The contrast in conditions between the parts of Europe from which most of our immigrants come today and the United States, is perhaps most noticeable in agricultural districts. Our farmers and farm laborers are, on the whole, the most prosperous and comfortable of our so-called laborers, with the exception of our skilled artigans. In Russia, where the change from a condition of serfdom has not always resulted in greater comfort for the people, a crop failure is likely to result in a famine. In other countries the methods of cultivation are often so primitive, the markets so difficult of access, the taxes so high, that the margin of profit is very low. A bad crop or two, the death of a wage-earner, or even a serious quarrel in the family that involves a separation, often means disaster-emigration, where that can be attained.
The money wages in southern and eastern Europe,
from which more than 80 per cent. of our present immigrants are coming, are indeed very low as compared with those in the United States-often not over one-third as much. Moreover, the assertion often made that, owing to lower prices in Europe, the low wages will furnish practically as good living conditions as those in the United States is a mistaken one. While the peasants or workmen may live on those wages, the standard is far below that of the United States as regards houses, which are often mere huts with earth floors; or clothing, which is scant or coarse as compared with that of the corresponding classes in the United States; or food, in many cases the people being rarely able to afford any food but the simplest vegetables, meat being tasted only on an occasional feast day, or among the better classes perhaps on Sundays.
It is to improve these conditions that most of the immigrants leave their country, often with the thought of making a home in the new country to which they can later bring their families, if they are unable to take their families with them. But often, too, they take the risk of breaking up their homes temporarily with the thought that by rigid economy and hard work for three to five years in the United States, they can send enough money home to purchase land, so that they may improve decidedly their economic and likewise their social status in the home country, and become, instead of mere laborers, peasant proprietors, with the opportunity of placing their children in a class distinctly above their own.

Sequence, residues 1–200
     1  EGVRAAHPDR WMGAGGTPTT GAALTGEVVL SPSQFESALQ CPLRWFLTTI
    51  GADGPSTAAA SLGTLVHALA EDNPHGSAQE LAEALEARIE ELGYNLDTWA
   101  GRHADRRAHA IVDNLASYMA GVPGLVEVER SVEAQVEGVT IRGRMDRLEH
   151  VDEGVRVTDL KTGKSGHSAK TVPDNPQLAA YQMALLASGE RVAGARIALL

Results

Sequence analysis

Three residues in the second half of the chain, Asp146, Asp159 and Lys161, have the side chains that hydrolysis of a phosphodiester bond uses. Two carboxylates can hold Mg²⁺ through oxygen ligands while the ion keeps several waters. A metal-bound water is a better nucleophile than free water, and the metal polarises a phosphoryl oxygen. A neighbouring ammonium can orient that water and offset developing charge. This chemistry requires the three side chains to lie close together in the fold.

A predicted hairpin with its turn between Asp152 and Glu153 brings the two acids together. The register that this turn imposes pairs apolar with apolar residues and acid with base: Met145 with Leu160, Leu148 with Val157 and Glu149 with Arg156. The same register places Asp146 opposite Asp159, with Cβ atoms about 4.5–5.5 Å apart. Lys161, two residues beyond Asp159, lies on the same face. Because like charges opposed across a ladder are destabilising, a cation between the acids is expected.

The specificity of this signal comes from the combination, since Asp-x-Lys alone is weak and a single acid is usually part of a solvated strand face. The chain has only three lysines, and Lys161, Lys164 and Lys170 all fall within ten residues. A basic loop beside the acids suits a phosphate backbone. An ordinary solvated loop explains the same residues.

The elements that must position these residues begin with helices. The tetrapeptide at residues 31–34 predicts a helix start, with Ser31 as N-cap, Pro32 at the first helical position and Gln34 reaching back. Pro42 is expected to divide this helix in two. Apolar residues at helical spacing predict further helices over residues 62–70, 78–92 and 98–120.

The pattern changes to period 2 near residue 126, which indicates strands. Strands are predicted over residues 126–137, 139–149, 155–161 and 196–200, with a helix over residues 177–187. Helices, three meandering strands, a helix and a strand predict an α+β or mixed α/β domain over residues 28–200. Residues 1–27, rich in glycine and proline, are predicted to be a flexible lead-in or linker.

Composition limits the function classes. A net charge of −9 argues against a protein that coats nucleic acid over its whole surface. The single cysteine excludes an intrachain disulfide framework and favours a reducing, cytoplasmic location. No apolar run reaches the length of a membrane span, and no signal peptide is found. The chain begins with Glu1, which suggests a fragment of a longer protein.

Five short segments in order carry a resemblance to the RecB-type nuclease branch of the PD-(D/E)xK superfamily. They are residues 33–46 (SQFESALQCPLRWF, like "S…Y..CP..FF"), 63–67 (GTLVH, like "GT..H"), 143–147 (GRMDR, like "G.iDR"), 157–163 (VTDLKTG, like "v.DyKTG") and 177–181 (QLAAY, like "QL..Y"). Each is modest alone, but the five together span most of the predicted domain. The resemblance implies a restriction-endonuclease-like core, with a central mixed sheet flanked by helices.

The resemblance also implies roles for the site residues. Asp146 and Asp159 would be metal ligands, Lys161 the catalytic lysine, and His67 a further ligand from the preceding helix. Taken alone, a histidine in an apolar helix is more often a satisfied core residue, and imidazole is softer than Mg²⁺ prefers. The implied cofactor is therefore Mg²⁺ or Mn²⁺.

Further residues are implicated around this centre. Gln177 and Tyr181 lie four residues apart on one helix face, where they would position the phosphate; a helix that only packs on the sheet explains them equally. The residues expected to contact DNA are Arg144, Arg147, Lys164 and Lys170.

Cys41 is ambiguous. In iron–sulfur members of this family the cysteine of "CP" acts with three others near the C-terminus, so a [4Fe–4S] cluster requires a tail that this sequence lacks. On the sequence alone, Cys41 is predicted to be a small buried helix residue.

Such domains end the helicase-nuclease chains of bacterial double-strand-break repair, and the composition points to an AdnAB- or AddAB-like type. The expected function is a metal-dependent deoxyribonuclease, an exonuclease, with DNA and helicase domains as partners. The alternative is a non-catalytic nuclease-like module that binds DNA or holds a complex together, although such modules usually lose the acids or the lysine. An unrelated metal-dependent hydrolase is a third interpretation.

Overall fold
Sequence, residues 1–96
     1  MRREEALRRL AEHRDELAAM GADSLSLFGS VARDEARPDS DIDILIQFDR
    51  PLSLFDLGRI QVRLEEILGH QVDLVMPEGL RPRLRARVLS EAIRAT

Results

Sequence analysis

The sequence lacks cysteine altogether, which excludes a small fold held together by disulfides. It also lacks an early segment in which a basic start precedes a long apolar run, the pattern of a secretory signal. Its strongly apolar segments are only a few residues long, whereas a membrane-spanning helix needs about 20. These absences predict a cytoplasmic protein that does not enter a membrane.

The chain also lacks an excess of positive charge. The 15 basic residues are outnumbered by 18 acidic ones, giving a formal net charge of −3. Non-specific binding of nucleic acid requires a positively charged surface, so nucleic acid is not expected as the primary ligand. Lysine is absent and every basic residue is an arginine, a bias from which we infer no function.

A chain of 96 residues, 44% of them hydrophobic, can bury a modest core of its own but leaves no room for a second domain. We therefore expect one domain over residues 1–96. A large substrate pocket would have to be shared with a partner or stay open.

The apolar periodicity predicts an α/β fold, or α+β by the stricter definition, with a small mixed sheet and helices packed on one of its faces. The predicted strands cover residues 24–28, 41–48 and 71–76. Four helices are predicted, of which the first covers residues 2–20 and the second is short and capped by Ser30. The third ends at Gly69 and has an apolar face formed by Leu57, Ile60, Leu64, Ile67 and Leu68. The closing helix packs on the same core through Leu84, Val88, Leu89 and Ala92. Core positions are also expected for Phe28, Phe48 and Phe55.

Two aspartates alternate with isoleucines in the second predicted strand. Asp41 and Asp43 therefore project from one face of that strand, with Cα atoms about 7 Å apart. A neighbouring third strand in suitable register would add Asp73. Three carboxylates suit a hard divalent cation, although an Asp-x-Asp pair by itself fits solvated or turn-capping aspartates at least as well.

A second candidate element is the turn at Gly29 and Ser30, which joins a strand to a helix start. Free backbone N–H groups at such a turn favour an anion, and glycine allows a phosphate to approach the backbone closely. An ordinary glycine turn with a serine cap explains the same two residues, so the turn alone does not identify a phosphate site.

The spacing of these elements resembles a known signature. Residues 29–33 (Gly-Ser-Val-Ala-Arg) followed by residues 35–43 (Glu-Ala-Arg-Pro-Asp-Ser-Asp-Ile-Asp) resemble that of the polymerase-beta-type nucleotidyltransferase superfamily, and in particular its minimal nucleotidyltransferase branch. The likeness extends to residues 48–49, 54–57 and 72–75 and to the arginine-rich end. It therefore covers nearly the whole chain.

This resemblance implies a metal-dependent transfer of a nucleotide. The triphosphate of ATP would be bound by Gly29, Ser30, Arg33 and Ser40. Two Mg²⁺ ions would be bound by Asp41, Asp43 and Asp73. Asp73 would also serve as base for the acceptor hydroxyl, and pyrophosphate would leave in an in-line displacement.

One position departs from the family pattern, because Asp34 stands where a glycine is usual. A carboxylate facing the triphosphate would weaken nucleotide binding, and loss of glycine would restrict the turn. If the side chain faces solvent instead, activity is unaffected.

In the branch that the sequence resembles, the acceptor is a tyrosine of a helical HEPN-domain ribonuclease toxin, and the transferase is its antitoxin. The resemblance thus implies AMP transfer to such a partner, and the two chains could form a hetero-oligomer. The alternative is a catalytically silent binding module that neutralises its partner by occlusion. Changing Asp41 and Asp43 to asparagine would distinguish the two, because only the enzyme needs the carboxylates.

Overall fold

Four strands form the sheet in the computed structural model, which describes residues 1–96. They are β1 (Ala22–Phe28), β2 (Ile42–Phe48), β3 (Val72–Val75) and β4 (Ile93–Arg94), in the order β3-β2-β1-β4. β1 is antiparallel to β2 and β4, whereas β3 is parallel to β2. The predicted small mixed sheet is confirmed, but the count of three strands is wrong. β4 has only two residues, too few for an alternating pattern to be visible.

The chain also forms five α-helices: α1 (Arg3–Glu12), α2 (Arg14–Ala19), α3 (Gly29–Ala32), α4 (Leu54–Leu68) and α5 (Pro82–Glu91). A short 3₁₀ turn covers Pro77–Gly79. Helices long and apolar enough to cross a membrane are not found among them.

In some countries, also, where military service is compulsory, the opportunity of escaping that service for two or three years at the time when life's tasks are just beginning is a motive that helps to emigration. This motive, too, has an economic phase, since frequently the entrance upon military service would mean the postponement of marriage or the interruption of a steady employment that would prevent saving for at least the period of the service itself.
The result of this economic pressure in the home country is that the United States is likely to receive as immigrants the most enterprising and the strongest of the hand-workers, whatever the occupation may be. The weaker and less ambitious less often have the energy or means to go to America, altho they go now much more easily and oftener than formerly.
Effect of Emigration upon European Countries
The effect of emigration upon the European countries has both an evil and a beneficial aspect. Naturally the different governments do not wish to lose the military service of the young emigrant, and in most cases, unless that service has been performed, the emigrant is likely to be held responsible whenever he may wish to return to his home country, even for a visit. Moreover, the removal from the labor force of the nation at the period of greatest ambition and energy, if not of skill, of hundreds of thousands of their workers, can not but be detrimental, provided those workers leave to become citizens of the new country.
In a very large percentage of instances, however, especially in later days, the emigrant, after a period